I sent out emails to two instructors whose classes I had missed and a counsellor at VIU who I have had appointments with over the years. I fessed up to the lie I had been living since coming to VIU six years earlier. I expected disapproval, and worse. Several times, in employment situations, I had been read the riot act, told that if I missed another day of work because of my drinking, I’d be fired. But that which I feared the most — sitting in the corner of a small office, hearing the vocally stern lecture and facing humiliating damnation: “How stupid could you have been, man!? What was going on inside your head!? What the hell were you thinking!?” — never materialized. Instead there was caring and compassion.
The VIU counsellor advised me to go to the Walk-in Crisis Centre at the Brooks Landing Mall in Nanaimo. I did, on the Wednesday of this new week. The nausea had almost disappeared. As I sat in the lobby waiting for a worker to see me, I kept telling myself, “I must do this. I have to do this.”
Again, I waited for a shameful scolding and verbal assault. It’s what I deserved, I had earned it, but it didn’t happen. A Registered Psychiatric Nurse escorted me to a session room. I told her the story you have just read. She voiced no judgement other than to tell me that sherry drunk in large quantities is one of the worst alcoholic beverages for my health. I have no idea what her notes said about me. The notes probably weren’t as bad as I thought they might be; I’m still out walking around unsupervised. We talked about Alcoholics Anonymous; I’ve attended AA meetings since the session with the RPN.
My story is deeply personal — private and hurting — honest and appalling. It’s from my mind. I feel I owe that much to those individuals directly involved in my drinking binge, though I don’t remember precisely what was going on in my brain at the time.
I estimate that I’ve had an average of four, one-to-two week binges a year for 25 years, maybe more. I figure that this has happened to me at least a hundred times before. What the hell was I thinking? I have no idea except that, each time, I was not thinking reasonably. My guard was down, making it easy to lose my sanity and hypothetically my life.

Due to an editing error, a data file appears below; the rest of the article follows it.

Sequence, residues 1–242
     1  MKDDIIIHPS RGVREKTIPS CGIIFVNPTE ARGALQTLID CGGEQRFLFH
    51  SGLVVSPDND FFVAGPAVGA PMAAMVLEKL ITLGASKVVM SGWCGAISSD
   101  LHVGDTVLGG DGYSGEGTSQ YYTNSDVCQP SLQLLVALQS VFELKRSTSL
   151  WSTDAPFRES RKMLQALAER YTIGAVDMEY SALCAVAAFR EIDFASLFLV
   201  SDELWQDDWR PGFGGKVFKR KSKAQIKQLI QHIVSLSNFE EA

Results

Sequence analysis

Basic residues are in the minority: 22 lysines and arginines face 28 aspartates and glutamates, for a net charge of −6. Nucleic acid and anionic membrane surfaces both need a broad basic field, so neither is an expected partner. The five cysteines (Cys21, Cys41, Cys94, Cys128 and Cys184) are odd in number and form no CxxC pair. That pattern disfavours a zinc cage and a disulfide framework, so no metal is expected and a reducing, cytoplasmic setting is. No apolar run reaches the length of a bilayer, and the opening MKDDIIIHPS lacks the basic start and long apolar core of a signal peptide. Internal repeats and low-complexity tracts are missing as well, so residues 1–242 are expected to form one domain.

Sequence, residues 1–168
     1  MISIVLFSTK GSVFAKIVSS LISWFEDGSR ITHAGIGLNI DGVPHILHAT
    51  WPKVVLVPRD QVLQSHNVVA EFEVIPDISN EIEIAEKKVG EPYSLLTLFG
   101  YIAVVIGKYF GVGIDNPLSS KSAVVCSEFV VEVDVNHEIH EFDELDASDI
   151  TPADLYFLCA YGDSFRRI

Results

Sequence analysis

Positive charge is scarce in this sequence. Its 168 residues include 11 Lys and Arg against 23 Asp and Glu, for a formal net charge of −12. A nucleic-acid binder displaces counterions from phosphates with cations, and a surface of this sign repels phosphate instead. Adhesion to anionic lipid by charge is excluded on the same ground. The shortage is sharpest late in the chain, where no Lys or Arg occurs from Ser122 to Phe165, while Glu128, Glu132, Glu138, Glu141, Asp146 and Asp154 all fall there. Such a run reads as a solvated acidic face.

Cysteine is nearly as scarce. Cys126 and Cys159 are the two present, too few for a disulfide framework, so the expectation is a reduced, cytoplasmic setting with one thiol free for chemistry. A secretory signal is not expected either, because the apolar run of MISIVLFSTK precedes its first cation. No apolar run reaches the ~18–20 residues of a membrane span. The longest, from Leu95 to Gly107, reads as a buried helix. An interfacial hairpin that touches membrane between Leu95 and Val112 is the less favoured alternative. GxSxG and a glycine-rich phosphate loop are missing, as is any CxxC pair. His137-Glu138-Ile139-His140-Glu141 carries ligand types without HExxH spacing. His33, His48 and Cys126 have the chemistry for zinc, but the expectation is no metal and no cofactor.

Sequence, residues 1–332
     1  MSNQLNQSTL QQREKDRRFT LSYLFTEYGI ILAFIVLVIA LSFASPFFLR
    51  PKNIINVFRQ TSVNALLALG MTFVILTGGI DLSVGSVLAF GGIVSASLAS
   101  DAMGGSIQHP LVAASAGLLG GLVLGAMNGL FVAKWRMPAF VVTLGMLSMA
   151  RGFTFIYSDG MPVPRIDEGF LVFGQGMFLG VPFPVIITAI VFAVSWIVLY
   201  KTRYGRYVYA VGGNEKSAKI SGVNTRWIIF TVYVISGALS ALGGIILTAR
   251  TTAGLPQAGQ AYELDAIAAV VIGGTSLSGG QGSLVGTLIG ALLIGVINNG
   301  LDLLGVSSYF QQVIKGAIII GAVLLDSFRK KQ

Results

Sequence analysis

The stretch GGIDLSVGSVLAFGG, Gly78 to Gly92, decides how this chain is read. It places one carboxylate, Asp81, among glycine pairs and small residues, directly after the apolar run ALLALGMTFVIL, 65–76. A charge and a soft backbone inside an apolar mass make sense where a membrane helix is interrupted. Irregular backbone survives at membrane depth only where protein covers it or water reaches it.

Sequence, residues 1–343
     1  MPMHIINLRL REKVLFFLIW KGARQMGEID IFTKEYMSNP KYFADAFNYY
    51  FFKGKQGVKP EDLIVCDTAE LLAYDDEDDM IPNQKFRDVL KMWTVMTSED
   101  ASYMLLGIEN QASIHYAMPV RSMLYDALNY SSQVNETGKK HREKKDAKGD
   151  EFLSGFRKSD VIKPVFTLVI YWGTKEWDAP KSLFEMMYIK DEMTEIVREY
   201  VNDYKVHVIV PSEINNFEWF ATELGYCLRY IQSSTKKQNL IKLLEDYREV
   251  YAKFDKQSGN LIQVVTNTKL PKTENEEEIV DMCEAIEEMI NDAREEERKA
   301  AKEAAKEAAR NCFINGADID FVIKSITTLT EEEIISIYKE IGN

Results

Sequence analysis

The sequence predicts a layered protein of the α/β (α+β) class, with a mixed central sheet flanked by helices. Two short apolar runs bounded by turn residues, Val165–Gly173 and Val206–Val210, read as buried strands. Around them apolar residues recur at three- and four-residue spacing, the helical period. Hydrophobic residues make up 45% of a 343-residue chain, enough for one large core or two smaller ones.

I usually don’t drink when I’m angry or depressed. I seem to drink mostly when I’m happy and contented with life, like moving into my apartment without help. I began thinking of buying a couple of bottles of sherry as a reward for the great moving job I was doing . . . half-way through the task. That’s all it took. After the first bottle, I was away on my alcoholic run. There was no escape.
I didn’t physically injure myself this time. I’ve not always been so fortunate. The scar under my right nostril is from tripping on a curb and falling to the sidewalk when I lived in Victoria in 1984, and yes, I was drunk. My glasses smashed; a broken lens sliced my skin I told people who asked about the cut that it was a floor hockey injury.
The scar on my left bicep is not a bullet wound, as I’ve told past friends and workmates. I lived in a flop house in Victoria in the middle of winter, 1985. I had drunk the last mouthfuls of two-40s of vodka and passed out on the floor. I rolled into a portable electric space heater sometime during the night, trying to keep warm I presume. The heater burned through the old velour sweater and two flannel shirts I was wearing and sautéed my skin down to bare bicep muscle. I don’t know how much later I woke up. I was still drunk. I have no memory of the next few hours, other than getting a wad of toilet paper, putting it over the two-inch by three-inch wound and using masking tape to hold the make-do bandage in place. What I do know is that I should have burst into flames and fried.
I could tell other near-death stories, but they would just be a drunkard’s vague recollection of facts and anecdotes . . . so I won’t bother with them. I’ll save them for my next Alcoholics Anonymous meeting.
There is a quote that says that the doors of AA swing both ways, in and out. I don’t remember going “out”; it was many years ago. I’ve only recently come back through the “in” door. I’m not glorifying Alcoholics Anonymous as a save-all, but the program makes sense and it did work for me that first time — for a while. But after a few months of AA sobriety, I thought that I could be like so many people who can take “a drink” and then put the bottle down. I thought I was in control over alcohol, not the other way around.
The first step in the AA 12-step program states:
We admit that we are powerless over alcohol — that our lives have become unmanageable.
God, grant me the serenity to accept the things I cannot change,
The courage to change the things I can,
and the wisdom to know the difference.
Those are the words of the alcoholics’ serenity prayer recited at the end of an AA meeting. There’s also an add-on that asks the alcoholics to “keep coming back.” It’s tough living those words: “Keep coming back, keep coming back.” My addiction has conditioned me for life to “keep coming back” — to the bottle. It’s so easy to do. Sobriety, on the other hand, is not so easy. In fact, it’s damn hard. Change is hard.
But “keep coming back” to AA meetings? Yes. I have the wisdom now to know what I can and cannot change, and what I can change, is me.